attendreto waitJ'attends / Tu attends / Il/Elle attend / Nous attendons / Vous attendez / Ils/Elles attendent
voyagerto travelSimilar to manger
chanterto singregular
danserto danceregular
resterto stayregular
se promenerto take a walkreflexive: Je me promène / Tu te promènes / Il/Elle se promène / Nous nous promenons / Vous vous promenez / Ils/Elles se promènent
se reposerto take rest, to relaxregular, reflexive
rencontrerto meet (somebody)regular
gagnerto win, to earnregular
travaillerto workregular
inviterto inviteregular
dormirto sleepJe dors / Tu dors / Il/Elle dort / Nous dormons / Vous dormez / Ils/Elles dorment
demanderto ask forregular
poserto ask (a question)regular
répondreto answer, replyJe réponds / Tu réponds / Il/Elle répond / Nous répondons / Vous répondez / Ils/Elles répondent
décrireto describesimilar to écrire
déjeunerto take lunchregular
dînerto take dinner, to dineregular


jouer + à + definite article + game (to play a game)
jouer au tennis / aux cartes (to play tennis / cards)

jouer + de + definite article + musical instrument (to play a musical instrument)
jouer du piano / du violon / de la guitare (to play piano / violin / guitar)

adorer / aimer / préférer / detester + definite article + noun
J'aime la montagne / le ski (I like mountain / ski)

adorer / aimer / préférer / detester + infinitive
J'aime aller à la montagne / faire du ski (I like to go to the mountain / to do skiing)

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Reflexive verbs

Reflexive verbs (more generally, pronominal verbs) are not used in English. A reflexive verb takes an object which is a pronoun and which stands for the subject of the sentence. We have seen several examples of reflexive verbs in French. The first one is s'appeler (to call oneself). In a sentence like `Je m'appelle Barda', the pronominal object is `me' which means `myself'. [Note that m'appelle = me + appelle] The literal translation of this sentence in English is: `I call myself Barda'. One cannot use the pronominal object to stand for a person different from the subject, that is, one cannot use this verb in sentences like `You call me Barda'. The only allowed usages are `You call yourself Chhorda', `He calls himself Mejda' etc.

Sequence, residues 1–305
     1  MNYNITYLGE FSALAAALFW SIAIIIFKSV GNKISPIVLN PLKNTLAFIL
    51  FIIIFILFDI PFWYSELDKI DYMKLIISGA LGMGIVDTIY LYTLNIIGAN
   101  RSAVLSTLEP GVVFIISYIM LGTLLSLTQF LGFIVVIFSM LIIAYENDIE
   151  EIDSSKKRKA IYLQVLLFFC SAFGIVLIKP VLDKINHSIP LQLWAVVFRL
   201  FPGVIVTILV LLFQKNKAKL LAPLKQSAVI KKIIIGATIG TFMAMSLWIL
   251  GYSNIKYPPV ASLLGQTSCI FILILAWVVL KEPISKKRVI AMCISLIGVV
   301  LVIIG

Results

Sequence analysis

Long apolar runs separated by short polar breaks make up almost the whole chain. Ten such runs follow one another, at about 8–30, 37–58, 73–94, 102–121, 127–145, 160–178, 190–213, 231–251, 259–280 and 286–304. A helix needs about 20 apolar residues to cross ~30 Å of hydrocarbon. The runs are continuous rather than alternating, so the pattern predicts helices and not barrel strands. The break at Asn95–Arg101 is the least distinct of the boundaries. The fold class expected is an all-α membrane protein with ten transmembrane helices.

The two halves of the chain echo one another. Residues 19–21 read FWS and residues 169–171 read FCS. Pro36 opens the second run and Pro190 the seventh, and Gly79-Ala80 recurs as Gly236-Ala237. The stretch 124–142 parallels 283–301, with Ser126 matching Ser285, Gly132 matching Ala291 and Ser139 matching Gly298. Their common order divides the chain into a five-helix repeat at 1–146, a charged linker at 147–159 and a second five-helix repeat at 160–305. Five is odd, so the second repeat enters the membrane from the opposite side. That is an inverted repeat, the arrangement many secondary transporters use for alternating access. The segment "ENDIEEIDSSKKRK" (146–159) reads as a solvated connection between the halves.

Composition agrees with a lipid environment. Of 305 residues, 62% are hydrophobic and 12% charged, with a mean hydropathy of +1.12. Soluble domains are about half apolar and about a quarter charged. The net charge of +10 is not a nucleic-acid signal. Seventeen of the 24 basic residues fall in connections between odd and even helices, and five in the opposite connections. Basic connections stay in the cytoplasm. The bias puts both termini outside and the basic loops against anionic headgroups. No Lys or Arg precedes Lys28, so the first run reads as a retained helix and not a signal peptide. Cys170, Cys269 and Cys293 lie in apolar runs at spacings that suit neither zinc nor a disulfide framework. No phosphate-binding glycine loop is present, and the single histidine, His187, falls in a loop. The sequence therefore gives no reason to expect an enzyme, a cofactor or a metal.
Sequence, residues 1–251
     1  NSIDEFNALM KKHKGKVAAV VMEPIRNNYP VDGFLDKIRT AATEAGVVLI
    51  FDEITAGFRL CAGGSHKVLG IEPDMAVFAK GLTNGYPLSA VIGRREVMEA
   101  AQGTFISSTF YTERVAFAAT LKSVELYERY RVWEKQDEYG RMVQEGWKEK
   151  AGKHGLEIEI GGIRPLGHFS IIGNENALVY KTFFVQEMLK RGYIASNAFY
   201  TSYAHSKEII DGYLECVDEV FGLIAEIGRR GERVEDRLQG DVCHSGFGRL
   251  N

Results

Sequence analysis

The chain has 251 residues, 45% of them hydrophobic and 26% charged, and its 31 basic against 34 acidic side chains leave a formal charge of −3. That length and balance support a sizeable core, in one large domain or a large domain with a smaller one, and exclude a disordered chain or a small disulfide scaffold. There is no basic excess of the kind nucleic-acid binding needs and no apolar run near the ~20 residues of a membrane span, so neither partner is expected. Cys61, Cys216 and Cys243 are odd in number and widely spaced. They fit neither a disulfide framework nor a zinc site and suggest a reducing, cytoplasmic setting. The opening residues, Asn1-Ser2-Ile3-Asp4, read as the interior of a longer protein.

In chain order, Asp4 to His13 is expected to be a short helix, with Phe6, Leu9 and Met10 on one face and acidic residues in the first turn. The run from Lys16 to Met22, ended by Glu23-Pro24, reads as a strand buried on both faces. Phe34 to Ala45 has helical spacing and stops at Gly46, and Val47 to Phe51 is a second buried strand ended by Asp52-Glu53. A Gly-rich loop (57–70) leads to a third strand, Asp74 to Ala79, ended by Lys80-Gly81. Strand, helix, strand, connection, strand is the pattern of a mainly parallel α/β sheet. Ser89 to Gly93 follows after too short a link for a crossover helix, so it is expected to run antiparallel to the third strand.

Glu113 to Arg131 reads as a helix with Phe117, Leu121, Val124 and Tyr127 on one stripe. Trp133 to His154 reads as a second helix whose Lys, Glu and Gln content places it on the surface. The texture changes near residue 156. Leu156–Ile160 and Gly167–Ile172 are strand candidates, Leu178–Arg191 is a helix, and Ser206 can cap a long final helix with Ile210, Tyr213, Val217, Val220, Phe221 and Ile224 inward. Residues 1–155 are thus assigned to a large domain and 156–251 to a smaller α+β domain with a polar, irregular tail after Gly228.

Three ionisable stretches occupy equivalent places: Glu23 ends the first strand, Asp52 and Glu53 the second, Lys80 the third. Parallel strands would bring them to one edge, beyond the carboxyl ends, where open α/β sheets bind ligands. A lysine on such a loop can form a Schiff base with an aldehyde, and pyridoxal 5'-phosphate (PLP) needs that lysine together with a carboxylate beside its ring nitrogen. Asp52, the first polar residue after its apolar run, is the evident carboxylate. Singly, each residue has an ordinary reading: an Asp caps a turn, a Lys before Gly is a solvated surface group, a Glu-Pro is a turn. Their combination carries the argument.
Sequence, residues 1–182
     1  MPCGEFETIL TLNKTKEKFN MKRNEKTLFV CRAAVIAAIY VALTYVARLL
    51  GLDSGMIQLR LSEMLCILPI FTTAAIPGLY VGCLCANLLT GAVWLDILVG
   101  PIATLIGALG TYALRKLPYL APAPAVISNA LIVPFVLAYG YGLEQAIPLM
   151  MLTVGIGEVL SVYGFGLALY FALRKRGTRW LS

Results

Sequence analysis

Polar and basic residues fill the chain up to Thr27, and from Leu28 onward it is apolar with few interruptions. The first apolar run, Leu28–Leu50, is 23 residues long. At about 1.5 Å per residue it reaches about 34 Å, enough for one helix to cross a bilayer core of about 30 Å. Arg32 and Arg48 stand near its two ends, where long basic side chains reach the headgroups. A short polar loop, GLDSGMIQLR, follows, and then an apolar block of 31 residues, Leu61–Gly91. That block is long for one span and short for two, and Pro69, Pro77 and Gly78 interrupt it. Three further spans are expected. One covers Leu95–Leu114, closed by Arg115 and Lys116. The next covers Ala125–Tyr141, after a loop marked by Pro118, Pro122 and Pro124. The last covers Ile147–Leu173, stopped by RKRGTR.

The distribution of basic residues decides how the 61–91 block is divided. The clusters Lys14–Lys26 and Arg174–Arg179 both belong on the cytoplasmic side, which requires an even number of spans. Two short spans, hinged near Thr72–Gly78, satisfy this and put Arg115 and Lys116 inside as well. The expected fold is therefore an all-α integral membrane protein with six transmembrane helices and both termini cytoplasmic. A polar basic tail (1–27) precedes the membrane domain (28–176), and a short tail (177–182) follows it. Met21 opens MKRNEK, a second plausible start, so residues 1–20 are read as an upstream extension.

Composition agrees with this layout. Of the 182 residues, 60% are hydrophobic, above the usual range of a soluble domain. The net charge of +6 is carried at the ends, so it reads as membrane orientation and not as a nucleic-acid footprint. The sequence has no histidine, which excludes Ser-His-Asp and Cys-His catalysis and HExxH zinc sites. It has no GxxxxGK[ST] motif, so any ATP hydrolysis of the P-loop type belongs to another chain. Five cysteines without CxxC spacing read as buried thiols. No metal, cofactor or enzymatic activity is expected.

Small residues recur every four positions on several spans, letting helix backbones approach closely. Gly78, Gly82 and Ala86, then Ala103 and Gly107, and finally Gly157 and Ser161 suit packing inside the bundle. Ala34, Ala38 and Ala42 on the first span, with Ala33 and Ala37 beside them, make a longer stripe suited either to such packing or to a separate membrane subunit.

Some other reflexive verbs that we have seen so far include `se promener' (to take a walk), `se reposer' (to relax). That is, `Je me promène' literally means `I take a walk myself'. Clearly the `myself' is completely redundant in the English translation. But the French sentence must have the pronominal object `me'.

Another language that makes frequent use of reflexive verbs is German. If you already know German, the concept of reflexive verbs would not be alien to you. We note in passing that the German equivalents of s'appeler (heißen) and se promener (spazierengehen) are not reflexive, whereas that of se reposer (sich entspannen) is reflexive. Two other verbs that are reflexive in both French and German are:

French: se souvenir (de + ...)
German: sich (an + ...) erinnern
English: to remember, to recall (Lit. to remind oneself)

French: se raser
German: sich rasieren
English: to (have a) shave

Pronominal verbs are used in other contexts too, where the use of the object alters the meaning of the sentence. A full description of all these is beyond the scope of this introductory tutorial.

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Use of prepositions

à (to, at, in)

This is one of the most common prepositions used in French. Before we look at the usage of this preposition, we list the forms of `à' when (immediately) followed by the definite article.
à + le = au
à + la = à la
à + l' = à l'
à + les = aux
`à' is used in many cases:
Movement to a place
Je vais au restaurant. - I am going to the restaurant.
Tu pars aux États-Unis. - You leave for the USA.
à is used to denote position of an object or action at a city and some other places.
Mon frère habite à Mumbai. - My brother lives at Mumbai.
Il reste à la maison. - He stays at the house.
Les enfants sont à l'école. - The children are in the school.
au rez-de-chaussée / premier étage / dernier étage - at the ground / first / top floor
Je commence mon travail à 8h. - I start my work at 8 o'clock.
À mercredi! - See you on Wednesday!
To (somebody)
Soumen écrit à ses parents. - Soumen writes to his parents.
Je donne le crayon à Debu. - I give the pencil to Debu.
Before an infinitive
Je commence à travailler. - I start working.
Il y a l'appartement à vendre / louer. - There is the apartment for sale / rent.
With some modes of transportation
à bicyclette / vélo - by bicycle
à pied - on foot
à cheval - on horseback

en (in)

The preposition `en' is used in the following cases:
With countries
Its form is `au', `en' or `aux' depending on whether the name of the country is masculine, feminine or plural.